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" British cabinet, would not, for the sake of a precarious and surreptitious intercourse with hostile markets, have persevered in a course of measures, which necessarily put at hazard the invaluable .market of a great and growing country, disposed to cultivate... "
The Congressional Reporter - Page 565
1811
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The Lives of John Madison, Fourth President of the United States, and James ...

John Quincy Adams - Presidents - 1854 - 432 pages
...that the British cabinet would not, for the sake of a precarious and surreptitious intercourse with hostile markets, have persevered in a course of measures...the mutual advantages of an active commerce. " Other counsels have prevailed. Our moderation and conciliation have had no other effect than to encourage...
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The Statesman's Manual: The Addresses and Messages of the ..., Volume 1

United States. President - Electronic books - 1854
...that the British cabinet would not, for the sake of a precarious and surreptitious intercourse with hostile markets, have persevered in a course of measures...cultivate the mutual advantages of an active commerce. We behold, in fine, on the side of Great Britain, a state of war against the United States; and on...
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History of Ancient Woodbury, Connecticut: From the First Indian ..., Volume 1

William Cothren - Bethlehem (Conn.) - 1854 - 833 pages
...forbearance and conciliatory efforts had not been able to avert. Our moderation and forbearance had had no other effect than to encourage perseverance, and to enlarge pretensions. For these and other causes, was it deemed just by the administration of Madison, that war should be...
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The Presidents of the United States: From Washington to Pierce, Comprising ...

John Frost - Presidents - 1855 - 455 pages
...that the British cabinet would not, for the sake of the precarious and surreptitious intercourse with hostile markets, have persevered in a course of measures which necessarily put at hazard the valuable market of a great and growing country, disposed to cultivate the mutual advantages of an active...
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History of the American Privateers, and Letters-of-marque: During Our War ...

George Coggeshall - Letters of marque - 1856 - 438 pages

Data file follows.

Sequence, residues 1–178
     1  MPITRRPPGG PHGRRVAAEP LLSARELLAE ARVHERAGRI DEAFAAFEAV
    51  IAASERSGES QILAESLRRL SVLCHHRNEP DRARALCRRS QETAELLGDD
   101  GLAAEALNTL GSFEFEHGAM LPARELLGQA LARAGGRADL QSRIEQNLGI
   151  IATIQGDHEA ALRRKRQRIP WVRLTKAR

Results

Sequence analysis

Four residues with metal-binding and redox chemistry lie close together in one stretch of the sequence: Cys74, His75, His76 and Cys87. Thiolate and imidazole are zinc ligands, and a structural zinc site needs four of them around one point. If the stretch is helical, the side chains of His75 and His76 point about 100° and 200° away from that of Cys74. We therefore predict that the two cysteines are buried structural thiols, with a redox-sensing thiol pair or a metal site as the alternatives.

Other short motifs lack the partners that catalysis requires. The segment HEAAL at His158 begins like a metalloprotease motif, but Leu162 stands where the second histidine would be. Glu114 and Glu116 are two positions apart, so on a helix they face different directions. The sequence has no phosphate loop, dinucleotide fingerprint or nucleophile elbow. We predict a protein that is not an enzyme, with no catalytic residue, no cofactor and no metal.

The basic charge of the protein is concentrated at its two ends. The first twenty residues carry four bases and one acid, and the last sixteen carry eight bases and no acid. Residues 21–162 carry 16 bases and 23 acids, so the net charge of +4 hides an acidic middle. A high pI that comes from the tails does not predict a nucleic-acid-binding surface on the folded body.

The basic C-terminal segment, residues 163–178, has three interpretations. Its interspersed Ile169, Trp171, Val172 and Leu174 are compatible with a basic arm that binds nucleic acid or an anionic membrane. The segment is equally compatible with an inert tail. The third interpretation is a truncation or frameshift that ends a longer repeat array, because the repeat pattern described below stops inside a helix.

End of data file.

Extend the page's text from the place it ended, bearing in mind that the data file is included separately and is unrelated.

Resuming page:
...that the British cabinet would not, for the sake of the precarious and surreptitious intercourse with hostile markets, have persevered in a course of measures...pretensions. We behold our seafaring citizens still the daily victims of lawless violence, committed on the great common and highway of nations, even within...
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HISTORY OF THE AMERICAN PRIVATEERS, AND LETTERS-OF-MARQUE

GEORGE COGGESHALL - 1856
...cabinet would not, for the sake of the precarious and surreptitious intercourse with hostile markets7 have persevered in a course of measures which necessarily...pretensions. We behold our seafaring citizens still the daily victims of lawless violence^ committed on the great common and highway of nations, even within...
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History of the American Privateers, and Letters-of-marque: During Our War ...

George Coggeshall - Canada History War of 1812 - 1856 - 438 pages
...that the British cabinet would not, for the sake of the precarious and surreptitious intercourse with hostile markets, have persevered in a course of measures...growing country, disposed to cultivate the mutual ad vantages of an active commerce. Other councils have prevailed. Our moderation and conciliation have...
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History of the American Privateers, and Letters-of-marque: During Our War ...

George Coggeshall - Privateering - 1856 - 438 pages
...that the British cabinet would not, for the sake of the precarious and surreptitious intercourse with hostile markets, have persevered in a course of measures...invaluable market of a great and growing country, '1 isposed to cultivate the mutual advantages of an active commerce. Other councils have prevailed....
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History of the American Privateers, and Letters-of-marque, During Our War ...

George Coggeshall - Privateering - 1861 - 482 pages
...the invaluable market of a great and growing country, •lisposedto cultivate the mutual ad vantages of an active commerce. Other councils have prevailed....enlarge pretensions. We behold our seafaring citizens ętill the daily victims of lawless violence, committed on the great common and highway of nations,...
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History of the United States: From the Earliest Period to the ..., Volume 3

Jesse Ames Spencer - United States - 1866
...growing country, disposed to cultivate the mutual advantages of an active commerce. " Other counsels have prevailed. Our moderation and conciliation have had no other effect than to encourage perGr. V1L] [Bs. V severance, and 1o enlarge pretensions. We behold our seafaring citizens still the...
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